An Antidote For Competitive Stress

by Steven Ungerleider, PhD

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Checking out your breathing before any athletic event should be as routine as making sure that your shoes are tied. Without full, open breathing, you won't be able to perform up to your potential. Breathing properly is important because it sets the stage for other mental and physical responses that cue your body to prepare for competitive stress. With each inhalation, you should induce a feeling of relaxation; with each exhalation, focus on letting go of any muscular tension in the body.
    Unfortunately, when we are stressed, as we are during a competitive situation, the natural physiological reaction is to breathe rapidly and shallowly. This can cause problems, because it not only restricts motion but also leads to early fatigue.
    Fortunately, athletes and coaches can easily diagnose such a problem and make some dramatic changes. Here's a wonderful exercise used by the late Dorothy Harris, PhD, who was a professor of sport psychology at Pennsylvania State University in University Park, that you can practice in your home or even at the office to improve your breathing technique.

Step I. Imagine that your lungs have three parts: a lower, middle, and upper section. Now close your eyes and imagine that you are just going to fill up the bottom, or lower, third of your lungs as you breathe in. Do this by imagining that you are pushing out your diaphragm, stretching it to its max, and then opening up your abdomen.


Step 2. Next, imagine filling the second third of your lung cavity. Do this by expanding your chest cavity and raising your rib cage and chest to their maximum capacity.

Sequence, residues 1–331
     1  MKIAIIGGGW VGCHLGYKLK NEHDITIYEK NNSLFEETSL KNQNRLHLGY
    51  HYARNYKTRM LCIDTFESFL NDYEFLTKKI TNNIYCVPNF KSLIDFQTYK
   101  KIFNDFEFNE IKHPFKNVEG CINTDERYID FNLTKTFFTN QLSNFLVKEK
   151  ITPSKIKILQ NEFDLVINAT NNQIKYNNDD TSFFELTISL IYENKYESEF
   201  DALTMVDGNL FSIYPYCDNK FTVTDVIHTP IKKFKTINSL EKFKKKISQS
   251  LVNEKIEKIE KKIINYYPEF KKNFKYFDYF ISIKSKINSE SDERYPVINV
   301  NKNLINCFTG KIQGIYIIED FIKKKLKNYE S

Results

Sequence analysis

Step 3. Finally, fill the last sector of your lungs by raising your chest and shoulders.

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    Do all three stages over and over again with a soft, smooth motion--don't force it. Each time you exhale, remind yourself to pull in your abdominal wall so that all the air is removed from your lungs. And at the end of the exhalation, don't forget to say good-bye to all muscular tension so you feel totally relaxed.
    After becoming proficient with this simple exercise, you can expand the program from 30 to 40 deep breaths each day. Each time you practice, close your eyes and visualize the flow of air and energy moving in and out of your system. You can set up little environmental cues throughout your routine to remind yourself when and how to breathe. When the phone rings, when you take a break from working at your computer, when you are in line at the cafeteria, or when you are just getting ready for bed, practice this full, relaxed diaphragm breathing. These cues will be good reminders for more stressful times when you will need to call up your new technique.
    You may want to perform breathing exercises while listening to music--something that many athletes do. Often a piece of classical music can set the stage for easy, comfortable, and relaxed breathing. The rhythm of music may allow a person to synchronize his heart with his necessary breathing pace. It is not uncommon to see Jennifer Capriati or Andy Roddick at a tennis match listening to their CD or MP3 players getting the right beat going to tune them up. They are checking in with their breathing and getting their moods in sync with their strategies for the day's competition. Former NBA all-star Patrick Ewing of the New York Knicks has often told sports writers that he doesn't want to be disturbed before a game.
    "One hour before the game, I pick a corner of the locker room, put on my headphones, and go into that sacred space," Ewing told a reporter. "Here, I get ready for the match-up; I check out the whole system with my music, while breathing, and focus for the game."


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